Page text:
Gerry’s Winter VermBin96

I recently received an email from fellow Ontarian (a person who lives in Ontario, Canada), and long-time RWC follower, Gerry Magill. He wanted to share what he was doing with his new(ish) VermBin96 system – specifically, what he has built to help moderate temperatures during the hot summer and cold winter.

I was so excited by Gerry’s e-mail that I immediately asked him if he’d be ok with me sharing the info here on the site. He happily obliged, and even sent me some photos!
8)

Here is what he had to say in his original message:

Hi Bentley
I have been considering winter vermicomosting. My propery is very small so a trench type of vermicomposting was not a comon sense consideration for me. I had sucess with a VB24 indoors and thought I would like to expand to a VB96 outside in a shed. I live in the Kingston Ontario area so we have some cold winters (not as cold as Northern Ontario) so keeping the bin warm enough was a concern. I watched the posts from Mark and heard the challenges with heat cables to keep the bin warm so I thought I would try something different. I built the VB96 (8′ long, 2′ wide, 2′ deep) and ran 1/2″ PVC piping inside the bin like a radiator.

I purchased a 12 volt solar water pump and hooked it up to a small solar aray.The pump is inside of a small cooler that holds about 3 gallons of water and through the very hot summer we had here added ice to the cooler, and was able to keep the bin at about 75 degrees F all summer long. I have now put an aquarium heater in the cooler and so far this fall (only a few days below 0) I have been able to keep the temps. above 70 degrees F. The aquarium heater is plugged into a 110 volt outlet and I am searching for a 12 volt alternative, to keep the system off the grid. I am excited about the sucess of the system so far.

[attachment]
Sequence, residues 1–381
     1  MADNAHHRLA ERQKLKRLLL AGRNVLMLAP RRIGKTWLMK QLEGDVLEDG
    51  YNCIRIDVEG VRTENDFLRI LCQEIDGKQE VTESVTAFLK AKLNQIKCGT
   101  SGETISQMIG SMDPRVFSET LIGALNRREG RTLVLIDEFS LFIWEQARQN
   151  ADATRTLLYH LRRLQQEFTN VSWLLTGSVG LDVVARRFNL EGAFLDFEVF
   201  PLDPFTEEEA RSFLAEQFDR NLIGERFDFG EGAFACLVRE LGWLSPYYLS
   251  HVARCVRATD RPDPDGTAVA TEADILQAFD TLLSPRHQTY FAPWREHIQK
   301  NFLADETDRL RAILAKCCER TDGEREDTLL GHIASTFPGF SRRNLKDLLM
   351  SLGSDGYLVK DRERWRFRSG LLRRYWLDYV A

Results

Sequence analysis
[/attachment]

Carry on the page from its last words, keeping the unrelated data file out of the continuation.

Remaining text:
When Gerry sent me the photos, he provided me with this additional info as well:

The heater is a 1000 watt aquarium heater. As you can see the thermometer is showing 70 degrees F. The pipes in the bin run end to end, are 7 inches apart and 7 inches from the sides and ends of the bin. This gives me 3 runs of piping. I fill the rad from the bottom level which ensures all levels are full before emptying back into the reservoir (cooler). Let me know if I can answer any other questions.

One of the things people often wonder about with the VermBin Series bins is how well they can handle hot/cold extremes. While the (optional) insulation panels CAN certainly help (especially with the larger bins in colder weather) – unfortunately there really is only so much you can expect. Unless of course you take matters into your own hands the way Gerry has!


Thanks VERY much, Gerry, for letting me share this fantastic information! Hopefully you can keep us posted on your progress.
8)

[By the way – In case you are wondering, the Kingston area typically has winters that are more severe than what we experience in Southwestern Ontario, so it will definitely be interesting to see how Gerry makes out!]

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Comments

    • Curtis
    • December 10, 2012

    Great set up, very clever. Question: So the pump doesn’t run at night? (I think I see batteries under the cooler, but just checking)

    • Gerry Magill
    • December 10, 2012